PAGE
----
And now for a CYA paragraph. It occurred to me after writing this post that referring dismissively to the Yankees' "filthy lucre" in the first paragraph and then singing the praises of the Phillies' right to the luxury item that is Cliff Lee in the second paragraph can be seen as inconsistent. I hate the Yankees for a number of reasons, but one of the primary motives is that the Yankees and their fans are the quintessential brats who were born on third base and think that they hit a triple. The Yanks are the major team in the largest, richest market in the country. Their market is old and established (as opposed to Los Angeles), so their roots are deep. Their two local rivals both moved out of New York, which gives the Yanks a leg up on their current local rival. Thus, the Yankees win because of money and they have money for a number of factors, most of which have nothing to do with good management, but are instead the result of circumstance. (A little like Stalin taking credit for beating the Germans in World War II.) The Phillies can't be described in the same way. Philadephia is a big market, but it's not New York. The current management of the team doesn't benefit from the decisions of its predecessors because the team's history is mostly lousy. The Phillies' current success deserves respect, so I don't begrudge them a great free agent signing. And I say this as a person who has a per se rule against rooting for teams from Philly.
Sunday, December 12, 2010
Following up on my post on Stewart Mandel's point regarding Auburn's and Oregon's schedules, I decided to look at their schedules in context with every other team that has played in a BCS title game. Rather than using opponents’ records as the barometer, I used the three computer rankings that go back to 1998: Sagarin, SRS, and Sorenson. (I must have a thing for rankings that start with S. I blame my kids’ consumption of Sesame Street. Or maybe the fact that they were fighting over Steamer & Samuel this morning. Whatever, it’s the little ones’ fault. Definitely.) Using opponents’ records is a simple, but weak way to evaluate strength of schedule because it rewards teams that play in conferences with smaller numbers of conference games and/or whose members tend to play tomato cans outside of the league. Here are the ranks of each of the 26 teams that made the title game, sorted by the average of the three rankings:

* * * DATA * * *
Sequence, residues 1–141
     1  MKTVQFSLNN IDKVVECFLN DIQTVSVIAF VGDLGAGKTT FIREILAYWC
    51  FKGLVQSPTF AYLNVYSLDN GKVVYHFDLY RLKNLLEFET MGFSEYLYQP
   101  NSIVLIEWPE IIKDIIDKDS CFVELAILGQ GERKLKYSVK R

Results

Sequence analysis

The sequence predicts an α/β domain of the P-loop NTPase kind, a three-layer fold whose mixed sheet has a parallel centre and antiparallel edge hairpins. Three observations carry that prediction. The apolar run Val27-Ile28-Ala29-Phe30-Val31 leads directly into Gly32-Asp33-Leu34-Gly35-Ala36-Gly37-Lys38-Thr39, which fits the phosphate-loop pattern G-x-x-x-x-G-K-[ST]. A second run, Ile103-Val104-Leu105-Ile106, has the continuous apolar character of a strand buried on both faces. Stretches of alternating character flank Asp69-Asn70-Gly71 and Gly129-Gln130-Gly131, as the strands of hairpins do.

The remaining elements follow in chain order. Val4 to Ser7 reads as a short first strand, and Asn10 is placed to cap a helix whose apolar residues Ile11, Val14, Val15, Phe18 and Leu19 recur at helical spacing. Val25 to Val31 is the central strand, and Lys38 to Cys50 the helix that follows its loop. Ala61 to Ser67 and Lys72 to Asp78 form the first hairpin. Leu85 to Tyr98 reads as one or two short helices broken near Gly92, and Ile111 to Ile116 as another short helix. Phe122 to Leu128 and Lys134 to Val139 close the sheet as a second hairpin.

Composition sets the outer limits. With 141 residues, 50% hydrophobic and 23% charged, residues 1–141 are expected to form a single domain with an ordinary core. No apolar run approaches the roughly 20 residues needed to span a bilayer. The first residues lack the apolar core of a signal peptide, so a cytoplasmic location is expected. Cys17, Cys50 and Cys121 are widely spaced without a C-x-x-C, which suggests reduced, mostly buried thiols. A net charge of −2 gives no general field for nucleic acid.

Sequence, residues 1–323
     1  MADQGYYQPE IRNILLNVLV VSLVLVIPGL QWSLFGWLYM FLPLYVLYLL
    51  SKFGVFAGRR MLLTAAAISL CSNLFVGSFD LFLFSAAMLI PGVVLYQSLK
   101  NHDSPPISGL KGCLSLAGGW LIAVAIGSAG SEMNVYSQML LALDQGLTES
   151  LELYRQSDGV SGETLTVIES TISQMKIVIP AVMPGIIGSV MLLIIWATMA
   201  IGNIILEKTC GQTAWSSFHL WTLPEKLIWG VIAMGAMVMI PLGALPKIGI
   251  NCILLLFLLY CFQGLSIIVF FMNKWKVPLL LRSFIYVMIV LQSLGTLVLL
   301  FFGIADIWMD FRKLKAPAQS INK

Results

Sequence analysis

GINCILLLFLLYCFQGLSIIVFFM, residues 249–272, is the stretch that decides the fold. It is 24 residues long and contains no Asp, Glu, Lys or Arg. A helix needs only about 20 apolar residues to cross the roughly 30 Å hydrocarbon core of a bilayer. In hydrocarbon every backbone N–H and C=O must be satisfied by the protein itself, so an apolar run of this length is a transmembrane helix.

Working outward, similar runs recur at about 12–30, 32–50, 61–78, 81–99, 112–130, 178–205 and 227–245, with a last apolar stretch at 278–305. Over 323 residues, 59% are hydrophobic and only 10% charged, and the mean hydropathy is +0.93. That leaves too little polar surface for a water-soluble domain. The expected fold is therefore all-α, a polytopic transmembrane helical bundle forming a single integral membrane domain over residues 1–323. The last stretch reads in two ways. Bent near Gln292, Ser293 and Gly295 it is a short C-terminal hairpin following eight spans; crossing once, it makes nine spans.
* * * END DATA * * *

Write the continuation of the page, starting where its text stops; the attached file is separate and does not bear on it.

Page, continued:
|Florida State 98||5||3||5||4.33|
|Florida State 00||11||2||11||8.00|
|Florida State 99||11||9||14||11.33|
|Ohio State 02||30||42||21||31.00|
|Ohio State 06||38||35||34||35.67|
|Virginia Tech 99||43||35||58||45.33|
|Ohio State 07||53||51||57||53.67|
The first point to make about this chart is that it underrates Auburn and Oregon because it compares their pre-championship game schedules against 24 other teams’ post-championship game slates. After the title game, both Auburn and Oregon are going to find themselves about five spots higher in the rankings, so Oregon will be in the middle of the chart and Auburn will be right around tenth. The conclusion to be drawn is that the e-mail that led Mandel to create his table – a message claiming that Auburn had an extremely hard schedule en route to Glendale and Oregon had an extremely easy one – is totally wrong according to the computers that aren’t castrated by the BCS. Auburn played a tougher schedule, but not by a wide margin and neither team is an outlier in the 26-team sample.
It is worth noting, however, that the general point stands that strength of schedule has predictive power in title games. The top six on the list all won the title game, with the exceptions of Oklahoma ‘08 (they were playing a team above them on the list) and Florida State ‘98 (they were starting the Rooster instead of Chris Weinke). The bottom seven on the list all lost with the exception of ‘03 LSU, who played a fellow member of the bottom quartile.